Trump's move Wednesday night to once again circulate value judgments about female attractiveness -- this time comparing his wife with Heidi Cruz -- comes against the backdrop of a female Republican electorate that finds the GOP frontrunner more unacceptable than their male counterparts do.
Let's look at our latest NBC/WSJ poll to see how big this issue is:
This month, about half (47 percent) of Republican female primary voters said they could not imagine themselves voting for Trump. (About 40 percent of male GOP primary voters said the same.)
Compare that to their relative willingness to accept Trump's rivals.
Only about three in ten female Republican voters say they can't imagine backing Ted Cruz (32 percent) and John Kasich (27 percent). The poll, which was taken before Marco Rubio exited the presidential race, also showed that only 30 percent of GOP women couldn't imagine backing the Florida senator.
It's worth noting that there's a significant chunk of GOP voters overall who can't imagine backing Trump, but you can get a sense of the wider size of the gender gap Trump faces when you compare the data for women with the data for men.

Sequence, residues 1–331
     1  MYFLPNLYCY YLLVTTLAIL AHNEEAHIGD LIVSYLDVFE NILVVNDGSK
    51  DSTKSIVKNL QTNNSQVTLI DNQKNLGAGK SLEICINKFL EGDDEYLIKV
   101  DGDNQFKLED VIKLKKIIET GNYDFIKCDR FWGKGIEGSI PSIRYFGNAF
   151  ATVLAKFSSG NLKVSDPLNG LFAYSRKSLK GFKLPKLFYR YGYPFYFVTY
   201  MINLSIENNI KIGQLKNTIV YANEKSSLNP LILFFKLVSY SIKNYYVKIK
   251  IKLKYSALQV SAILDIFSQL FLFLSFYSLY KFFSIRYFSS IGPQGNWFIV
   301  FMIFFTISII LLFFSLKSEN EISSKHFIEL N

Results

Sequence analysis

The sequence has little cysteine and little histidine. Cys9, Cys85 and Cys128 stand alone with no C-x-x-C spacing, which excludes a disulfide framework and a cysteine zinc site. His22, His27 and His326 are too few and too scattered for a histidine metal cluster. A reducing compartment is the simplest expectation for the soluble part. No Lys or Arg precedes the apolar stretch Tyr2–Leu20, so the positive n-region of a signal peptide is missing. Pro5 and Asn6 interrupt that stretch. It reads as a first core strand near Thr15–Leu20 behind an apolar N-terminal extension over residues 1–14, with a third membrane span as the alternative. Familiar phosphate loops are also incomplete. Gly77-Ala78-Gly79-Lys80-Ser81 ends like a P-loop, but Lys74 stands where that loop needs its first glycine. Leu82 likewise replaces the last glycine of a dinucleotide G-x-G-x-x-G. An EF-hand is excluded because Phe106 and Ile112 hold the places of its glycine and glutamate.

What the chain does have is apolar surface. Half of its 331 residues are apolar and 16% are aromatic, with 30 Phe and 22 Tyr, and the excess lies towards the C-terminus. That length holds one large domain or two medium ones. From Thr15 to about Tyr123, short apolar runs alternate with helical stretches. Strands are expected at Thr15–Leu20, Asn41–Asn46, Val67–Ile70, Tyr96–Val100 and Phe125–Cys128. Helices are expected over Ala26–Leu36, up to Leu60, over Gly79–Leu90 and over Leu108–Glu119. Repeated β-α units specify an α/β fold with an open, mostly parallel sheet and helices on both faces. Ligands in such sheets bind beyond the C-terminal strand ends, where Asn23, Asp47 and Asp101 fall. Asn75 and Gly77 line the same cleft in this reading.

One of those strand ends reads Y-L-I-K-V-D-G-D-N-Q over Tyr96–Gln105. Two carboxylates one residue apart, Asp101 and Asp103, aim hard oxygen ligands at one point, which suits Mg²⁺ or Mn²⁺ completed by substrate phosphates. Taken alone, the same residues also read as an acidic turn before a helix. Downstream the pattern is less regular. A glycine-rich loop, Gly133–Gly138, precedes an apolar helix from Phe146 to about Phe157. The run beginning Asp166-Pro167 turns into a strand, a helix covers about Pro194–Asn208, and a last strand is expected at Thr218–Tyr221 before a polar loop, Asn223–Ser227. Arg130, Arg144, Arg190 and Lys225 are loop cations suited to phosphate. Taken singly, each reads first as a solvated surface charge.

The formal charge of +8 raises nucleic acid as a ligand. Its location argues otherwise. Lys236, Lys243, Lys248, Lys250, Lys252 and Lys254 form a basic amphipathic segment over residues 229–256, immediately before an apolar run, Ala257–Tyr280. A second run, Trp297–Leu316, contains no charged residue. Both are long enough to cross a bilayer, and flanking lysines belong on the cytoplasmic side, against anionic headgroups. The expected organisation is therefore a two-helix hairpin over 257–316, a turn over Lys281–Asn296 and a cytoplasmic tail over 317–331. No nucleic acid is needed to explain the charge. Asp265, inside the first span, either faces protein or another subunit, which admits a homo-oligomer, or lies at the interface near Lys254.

When it comes to the general electorate, Trump has an even more pronounced problem with female voters.
Trump's favorability with women overall is a dismal 21 percent positive/ 70 (!) percent negative.
With men, it's 28 percent positive/ 59 percent negative.
And while women traditionally vote for Democratic candidates in larger numbers than men, data shows that a Trump nomination would exacerbate the issue for Republicans.
Asked if they would prefer to see a Democratic president or a Republican president regardless of who the nominees are, 52 percent of female voters chose the Democratic option while 36 percent chose the Republican option. That's a net advantage of 16 percentage points for the Democratic candidate.
But plug in the names "Hillary Clinton" and "Donald Trump" and the gap gets even wider.
In that hypothetical matchup, just 31 percent of women said they would chose Trump, while 58 percent said they would chose Clinton. That's a net advantage of 27 points for Clinton.
In 2012, Barack Obama bested Mitt Romney by far less -- 55 percent to 44 percent -- among female voters.
This story originally appeared on NBCNews.com.